The Internal Revenue Service (IRS) estimated that tax evasion cost the federal government an average of $458 billion per year between 2008 and 2010. See what the ZT community has uncovered about corporate tax evasion…
The Gray Area of Economic Corruption
Perhaps, the more prevalent types of economic corruption are those that exist in the gray area, where the behavior does not necessarily break any current laws but is still debatably unethical.
A gray area case
Take the case of stock buybacks. By simultaneously reclaiming its own stock and decreasing the number of shares on the market, a company increases its relative ownership stake. Irene Tung and Katy Milan, for the Roosevelt Institute, published a report stating that publicly traded companies in the U.S. spent “almost 60 percent (58.6 percent) of their profits on buybacks between 2015 and 2017.”
That means, instead of those profits going to innovation, increased wages for workers, expansion to offer more jobs, they sit in the stock market and appreciate in value until company executives decide to sell them for their own gain.
Regulations do exist, but ironically, they appear to promote dangerous behavior. Economists William Loznick, Mustafa Erdem Sakınç, and Matt Hopkins penned an article called ‘Why Stock Buybacks Are Dangerous for the Economy.’ They argue, “Stock buybacks done as open-market repurchases emerged as a major use of corporate funds in the mid-1980s after the Securities and Exchange Commission adopted Rule 10b-18, which gives corporate executives a safe harbor against stock-price manipulation charges that otherwise might have applied.”
Should stock buybacks continue to be regulated as they are currently? If it is, why hasn’t Congress done anything about it?
How corporations play the gray area
In the U.S., the gray area of economic corruption primarily plays out in the form of lobbying.
We should be clear on this point. Lobbying as a concept isn’t so much an issue. It’s protected under the First Amendment, and everyone should have the chance to advocate for causes to government officials. However, lobbying in practice has become potentially problematic due to one simple factor: money.
As you can probably imagine, political campaigns require considerable funding. The Center for Responsive Politics reported that the 2020 Congressional and Presidential elections cost $14.4 billion ($8.7 billion Congressional, $5.7 billion Presidential). Ads, travel, lodging, rallies, the expenses appear endless when you think about it. According to FiveThirtyEight, the candidate with the most money wins over 80% of the time.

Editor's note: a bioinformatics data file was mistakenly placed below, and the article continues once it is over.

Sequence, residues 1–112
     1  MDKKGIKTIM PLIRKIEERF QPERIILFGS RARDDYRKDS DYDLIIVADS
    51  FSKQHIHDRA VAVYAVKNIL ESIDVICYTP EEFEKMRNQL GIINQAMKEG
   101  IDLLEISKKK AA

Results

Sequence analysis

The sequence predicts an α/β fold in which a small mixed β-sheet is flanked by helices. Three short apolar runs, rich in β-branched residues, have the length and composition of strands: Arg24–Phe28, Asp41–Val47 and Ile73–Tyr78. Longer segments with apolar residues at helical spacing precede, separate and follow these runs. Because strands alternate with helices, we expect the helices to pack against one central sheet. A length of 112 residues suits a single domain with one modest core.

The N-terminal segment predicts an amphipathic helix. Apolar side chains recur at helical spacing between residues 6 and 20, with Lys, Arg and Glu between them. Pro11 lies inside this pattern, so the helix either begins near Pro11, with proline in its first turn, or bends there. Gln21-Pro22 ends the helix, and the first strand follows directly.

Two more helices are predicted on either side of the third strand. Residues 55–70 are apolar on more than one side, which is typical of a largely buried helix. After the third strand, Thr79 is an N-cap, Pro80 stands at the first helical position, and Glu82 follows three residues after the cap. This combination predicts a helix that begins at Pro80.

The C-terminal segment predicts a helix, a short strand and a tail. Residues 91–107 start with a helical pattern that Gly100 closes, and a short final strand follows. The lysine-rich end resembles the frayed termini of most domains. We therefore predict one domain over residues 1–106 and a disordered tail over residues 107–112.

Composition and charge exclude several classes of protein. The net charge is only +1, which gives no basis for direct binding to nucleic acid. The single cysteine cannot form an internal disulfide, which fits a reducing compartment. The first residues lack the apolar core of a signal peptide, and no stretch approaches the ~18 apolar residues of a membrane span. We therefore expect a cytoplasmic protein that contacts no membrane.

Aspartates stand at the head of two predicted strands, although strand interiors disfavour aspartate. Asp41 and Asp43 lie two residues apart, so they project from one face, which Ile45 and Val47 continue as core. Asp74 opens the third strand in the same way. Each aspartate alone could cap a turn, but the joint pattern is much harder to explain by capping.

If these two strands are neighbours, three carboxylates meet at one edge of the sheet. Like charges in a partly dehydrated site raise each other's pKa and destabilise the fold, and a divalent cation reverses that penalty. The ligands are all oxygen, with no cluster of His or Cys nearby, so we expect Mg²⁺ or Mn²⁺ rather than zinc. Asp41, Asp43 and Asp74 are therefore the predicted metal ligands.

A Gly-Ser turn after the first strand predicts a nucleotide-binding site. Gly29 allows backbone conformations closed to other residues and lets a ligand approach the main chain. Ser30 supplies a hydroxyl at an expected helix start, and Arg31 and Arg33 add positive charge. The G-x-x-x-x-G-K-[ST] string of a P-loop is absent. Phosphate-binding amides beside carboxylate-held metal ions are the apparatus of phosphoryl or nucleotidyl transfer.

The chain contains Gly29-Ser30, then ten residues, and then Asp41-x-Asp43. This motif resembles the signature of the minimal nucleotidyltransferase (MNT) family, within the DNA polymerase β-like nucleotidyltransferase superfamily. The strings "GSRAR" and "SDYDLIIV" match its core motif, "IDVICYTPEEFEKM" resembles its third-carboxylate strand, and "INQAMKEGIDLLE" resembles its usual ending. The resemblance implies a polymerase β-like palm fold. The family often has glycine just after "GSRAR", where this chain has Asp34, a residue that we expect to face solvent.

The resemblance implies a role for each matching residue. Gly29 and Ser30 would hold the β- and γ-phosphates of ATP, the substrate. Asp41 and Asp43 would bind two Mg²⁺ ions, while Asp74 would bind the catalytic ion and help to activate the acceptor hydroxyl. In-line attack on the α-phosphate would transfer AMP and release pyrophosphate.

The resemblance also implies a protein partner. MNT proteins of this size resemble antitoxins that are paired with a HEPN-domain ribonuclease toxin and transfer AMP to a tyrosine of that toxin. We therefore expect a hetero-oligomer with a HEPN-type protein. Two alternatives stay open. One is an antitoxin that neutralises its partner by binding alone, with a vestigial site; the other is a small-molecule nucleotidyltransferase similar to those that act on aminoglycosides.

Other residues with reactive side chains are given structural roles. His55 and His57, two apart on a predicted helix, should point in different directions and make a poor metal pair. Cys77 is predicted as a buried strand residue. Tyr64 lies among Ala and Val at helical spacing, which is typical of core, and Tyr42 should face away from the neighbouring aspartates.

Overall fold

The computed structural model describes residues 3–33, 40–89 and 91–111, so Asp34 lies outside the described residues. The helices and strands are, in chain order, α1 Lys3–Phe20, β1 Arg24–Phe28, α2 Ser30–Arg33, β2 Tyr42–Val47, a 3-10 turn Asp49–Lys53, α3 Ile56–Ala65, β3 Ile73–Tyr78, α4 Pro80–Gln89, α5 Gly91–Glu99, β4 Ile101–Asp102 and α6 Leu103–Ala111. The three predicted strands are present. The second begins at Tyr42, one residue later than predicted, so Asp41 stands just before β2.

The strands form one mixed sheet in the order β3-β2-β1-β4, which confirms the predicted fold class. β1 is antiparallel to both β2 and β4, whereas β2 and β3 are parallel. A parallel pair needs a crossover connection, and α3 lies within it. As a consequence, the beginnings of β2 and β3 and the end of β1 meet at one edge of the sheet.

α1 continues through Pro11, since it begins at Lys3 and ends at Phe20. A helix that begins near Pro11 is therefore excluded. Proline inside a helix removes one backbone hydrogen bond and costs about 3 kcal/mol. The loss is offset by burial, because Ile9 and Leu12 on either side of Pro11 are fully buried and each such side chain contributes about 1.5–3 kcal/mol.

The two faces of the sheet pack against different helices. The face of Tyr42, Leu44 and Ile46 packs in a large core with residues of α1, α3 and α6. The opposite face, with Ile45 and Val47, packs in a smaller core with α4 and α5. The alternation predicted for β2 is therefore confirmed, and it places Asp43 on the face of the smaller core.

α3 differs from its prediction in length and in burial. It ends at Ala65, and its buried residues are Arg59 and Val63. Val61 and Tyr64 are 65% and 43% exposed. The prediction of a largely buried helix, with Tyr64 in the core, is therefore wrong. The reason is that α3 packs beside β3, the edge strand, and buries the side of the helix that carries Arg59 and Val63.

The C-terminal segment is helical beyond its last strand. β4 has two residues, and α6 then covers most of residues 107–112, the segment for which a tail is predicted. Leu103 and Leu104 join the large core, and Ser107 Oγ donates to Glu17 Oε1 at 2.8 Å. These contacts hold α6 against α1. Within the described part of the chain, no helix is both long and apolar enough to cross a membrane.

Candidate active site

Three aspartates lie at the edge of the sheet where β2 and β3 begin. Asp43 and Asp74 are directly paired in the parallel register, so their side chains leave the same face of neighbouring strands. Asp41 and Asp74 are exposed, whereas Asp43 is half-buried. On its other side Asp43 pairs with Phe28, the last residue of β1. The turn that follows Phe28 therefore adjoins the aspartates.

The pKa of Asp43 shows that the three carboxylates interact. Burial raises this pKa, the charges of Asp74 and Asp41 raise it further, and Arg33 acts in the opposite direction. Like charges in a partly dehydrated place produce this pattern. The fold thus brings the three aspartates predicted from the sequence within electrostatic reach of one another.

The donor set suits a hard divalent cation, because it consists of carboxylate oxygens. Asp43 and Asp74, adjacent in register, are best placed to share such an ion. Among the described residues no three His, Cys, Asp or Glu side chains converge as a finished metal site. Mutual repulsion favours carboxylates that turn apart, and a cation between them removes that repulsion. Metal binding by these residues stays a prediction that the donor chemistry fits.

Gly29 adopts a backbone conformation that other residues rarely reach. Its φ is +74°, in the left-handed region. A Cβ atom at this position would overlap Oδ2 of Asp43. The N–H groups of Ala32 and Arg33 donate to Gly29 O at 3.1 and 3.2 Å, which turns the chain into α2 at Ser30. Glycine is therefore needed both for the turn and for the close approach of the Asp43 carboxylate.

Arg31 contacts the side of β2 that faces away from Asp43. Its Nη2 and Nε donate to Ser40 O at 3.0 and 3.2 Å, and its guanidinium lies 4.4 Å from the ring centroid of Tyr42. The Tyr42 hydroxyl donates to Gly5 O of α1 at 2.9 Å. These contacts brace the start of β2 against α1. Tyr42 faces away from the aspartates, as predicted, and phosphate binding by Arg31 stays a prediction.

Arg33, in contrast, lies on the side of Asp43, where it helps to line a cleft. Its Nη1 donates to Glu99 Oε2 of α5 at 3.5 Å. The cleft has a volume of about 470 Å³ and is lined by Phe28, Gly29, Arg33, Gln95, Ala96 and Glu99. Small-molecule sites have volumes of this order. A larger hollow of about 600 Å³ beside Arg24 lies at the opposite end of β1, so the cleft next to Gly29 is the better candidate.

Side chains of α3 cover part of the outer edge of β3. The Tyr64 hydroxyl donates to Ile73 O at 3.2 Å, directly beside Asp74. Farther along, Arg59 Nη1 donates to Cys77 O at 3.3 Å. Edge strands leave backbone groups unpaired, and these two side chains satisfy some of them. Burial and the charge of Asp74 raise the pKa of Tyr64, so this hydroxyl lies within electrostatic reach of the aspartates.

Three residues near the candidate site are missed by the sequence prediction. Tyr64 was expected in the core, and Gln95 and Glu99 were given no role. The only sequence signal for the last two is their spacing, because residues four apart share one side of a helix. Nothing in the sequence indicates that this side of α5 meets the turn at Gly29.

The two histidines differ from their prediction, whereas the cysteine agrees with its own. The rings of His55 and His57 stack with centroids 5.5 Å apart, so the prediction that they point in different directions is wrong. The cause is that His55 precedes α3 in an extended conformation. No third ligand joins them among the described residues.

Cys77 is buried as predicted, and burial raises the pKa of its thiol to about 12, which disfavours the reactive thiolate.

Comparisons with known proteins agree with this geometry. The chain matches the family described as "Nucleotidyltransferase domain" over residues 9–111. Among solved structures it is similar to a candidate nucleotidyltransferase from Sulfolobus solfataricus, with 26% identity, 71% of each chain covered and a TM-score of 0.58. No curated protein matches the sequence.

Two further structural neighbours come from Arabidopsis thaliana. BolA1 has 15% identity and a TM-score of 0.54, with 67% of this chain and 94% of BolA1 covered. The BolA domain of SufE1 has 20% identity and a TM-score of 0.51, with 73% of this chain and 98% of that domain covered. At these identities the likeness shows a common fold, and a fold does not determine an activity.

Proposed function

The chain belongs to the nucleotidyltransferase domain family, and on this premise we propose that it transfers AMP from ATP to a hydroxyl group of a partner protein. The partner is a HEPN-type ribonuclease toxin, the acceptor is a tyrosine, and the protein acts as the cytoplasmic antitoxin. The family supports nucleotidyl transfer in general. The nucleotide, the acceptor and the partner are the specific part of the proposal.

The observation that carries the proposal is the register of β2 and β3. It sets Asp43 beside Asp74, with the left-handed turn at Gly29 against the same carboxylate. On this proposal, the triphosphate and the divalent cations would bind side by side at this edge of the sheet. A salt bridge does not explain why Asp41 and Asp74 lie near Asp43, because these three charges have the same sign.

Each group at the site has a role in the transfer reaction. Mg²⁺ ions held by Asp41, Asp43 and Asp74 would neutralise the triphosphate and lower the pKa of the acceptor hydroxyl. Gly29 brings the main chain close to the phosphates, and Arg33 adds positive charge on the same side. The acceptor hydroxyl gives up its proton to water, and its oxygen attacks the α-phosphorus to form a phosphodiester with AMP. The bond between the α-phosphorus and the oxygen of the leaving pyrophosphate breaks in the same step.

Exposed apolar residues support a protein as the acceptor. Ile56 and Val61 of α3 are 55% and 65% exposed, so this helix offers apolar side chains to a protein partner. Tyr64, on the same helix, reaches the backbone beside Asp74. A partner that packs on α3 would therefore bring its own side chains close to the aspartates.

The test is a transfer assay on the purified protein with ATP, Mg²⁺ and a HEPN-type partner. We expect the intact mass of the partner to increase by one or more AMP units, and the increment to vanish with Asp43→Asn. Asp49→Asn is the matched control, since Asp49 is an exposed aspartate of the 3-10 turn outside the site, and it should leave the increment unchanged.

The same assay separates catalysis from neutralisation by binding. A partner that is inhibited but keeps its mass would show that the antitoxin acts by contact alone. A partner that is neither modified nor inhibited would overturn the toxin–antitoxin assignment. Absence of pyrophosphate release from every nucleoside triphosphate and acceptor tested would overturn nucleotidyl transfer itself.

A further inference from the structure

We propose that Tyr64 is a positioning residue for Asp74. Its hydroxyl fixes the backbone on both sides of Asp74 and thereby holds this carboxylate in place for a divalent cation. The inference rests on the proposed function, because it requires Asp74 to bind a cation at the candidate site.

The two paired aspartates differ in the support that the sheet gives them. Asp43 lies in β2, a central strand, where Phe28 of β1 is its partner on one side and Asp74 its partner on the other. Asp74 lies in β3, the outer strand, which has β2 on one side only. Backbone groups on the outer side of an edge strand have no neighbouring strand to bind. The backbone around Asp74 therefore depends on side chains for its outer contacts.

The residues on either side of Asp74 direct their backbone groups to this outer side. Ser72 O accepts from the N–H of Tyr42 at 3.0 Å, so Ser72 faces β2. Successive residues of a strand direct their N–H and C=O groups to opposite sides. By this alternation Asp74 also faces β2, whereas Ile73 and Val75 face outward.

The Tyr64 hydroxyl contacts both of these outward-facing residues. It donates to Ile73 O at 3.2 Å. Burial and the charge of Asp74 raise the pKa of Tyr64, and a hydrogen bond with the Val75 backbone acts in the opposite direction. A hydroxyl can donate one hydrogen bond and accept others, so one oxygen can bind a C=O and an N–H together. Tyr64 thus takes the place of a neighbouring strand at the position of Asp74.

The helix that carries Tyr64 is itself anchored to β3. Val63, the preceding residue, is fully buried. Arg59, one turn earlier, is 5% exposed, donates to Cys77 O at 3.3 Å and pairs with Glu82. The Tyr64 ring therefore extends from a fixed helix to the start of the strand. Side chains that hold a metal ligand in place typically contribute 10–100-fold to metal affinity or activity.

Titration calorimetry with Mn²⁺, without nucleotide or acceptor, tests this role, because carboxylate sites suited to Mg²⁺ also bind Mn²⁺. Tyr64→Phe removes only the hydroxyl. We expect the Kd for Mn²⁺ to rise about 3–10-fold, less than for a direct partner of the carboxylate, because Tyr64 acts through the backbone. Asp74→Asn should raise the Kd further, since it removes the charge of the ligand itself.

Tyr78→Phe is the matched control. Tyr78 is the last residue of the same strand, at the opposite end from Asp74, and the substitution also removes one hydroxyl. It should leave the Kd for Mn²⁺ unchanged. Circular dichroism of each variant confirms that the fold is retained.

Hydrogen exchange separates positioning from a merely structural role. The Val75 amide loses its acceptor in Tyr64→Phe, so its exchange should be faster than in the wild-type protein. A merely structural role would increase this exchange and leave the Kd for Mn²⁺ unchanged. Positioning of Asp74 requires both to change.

Money alone doesn’t win elections, of course. But it definitely helps.
Opportunists obviously saw this as a chance to capitalize, creating a multibillion dollar lobbying industry. How can the average citizen get one-on-one time with many politicians, if they’re worried about fundraising?
And while campaign finance laws are there to protect the integrity of elections, they don’t deter the circulation of dark money. Furthermore, lobbying isn’t always as above board as some might like to depict it.
How does Economic Corruption Harm You?
So, how does this affect you?
Economic corruption, illegal or within the gray area, potentially causes you to pay more and receive less. More on taxes, more for goods and services; less wages, less for your retirement. A rigged economy keeps the public and the economy from thriving as it should.
Think of economic corruption at its worst (at least in the U.S.), you or someone you know might not be able to afford life saving medications. Even for drugs whose patent has expired long ago. For example, political watchdog Public Citizen published an article entitled ‘Pharma’s Price Gouging on Insulin Is Literally Killing Patients’. It states: “[According to a study] the annual gross insulin cost for patients with type 1 diabetes in the U.S. essentially doubled from $2,864 in 2012 to $5,705 in 2016. During this same period, the average amount of daily insulin use for these patients increased by only 3 percent.”
As we said in the introduction, economic corruption can kill. But how can you stop it?
Join the Zero Theft Movement in the Fight Against Economic Corruption
We at the Zero Theft Movement, along with our growing community, work together to calculate the best estimate for the monetary costs of corruption in the U.S. Corporate, political, and everything in between.
We have built a safe and independent platform where you and your fellow citizens work together to investigate and debate potentially rigged areas across the economy. Through blockchain voting, the way to make all your work permanent, public, and unchangeable, you decide whether (1) theft is or isn’t occurring in a specific area of the economy, and (2) how much is being stolen or possibly saved. Through direct democracy, we can collectively decide where the problem areas are and start working on addressing them systematically.
The ZTM community knows that many businesses, including some corporations, act ethically. We are trying to hold the bad actors accountable. The corrupt corporations, lobbyists, and government officials. That way, good people and businesses can properly thrive and enjoy the piece of the pie we’re all due.
The Zero Theft Movement does not have any interest in partisan politics/competition or attacking/defending one side. We seek to eradicate theft from the U.S economy. In other words, how the wealthy and powerful rig the system to steal money from us, the everyday citizen. We need to collectively fight against crony capitalism in order for us to all profit from an ethical economy.
Terms like ‘steal,’ ‘theft,’ and ‘crime’ will frequently appear throughout the article. Zero Theft will NOT adhere strictly to the legal definitions of these terms (since congress sells out). We have broadly and openly defined terms like ‘steal’ and ‘theft’ to refer to the rigged economy and other debated unethical acts that can cause citizens to lose out on money they deserve to keep.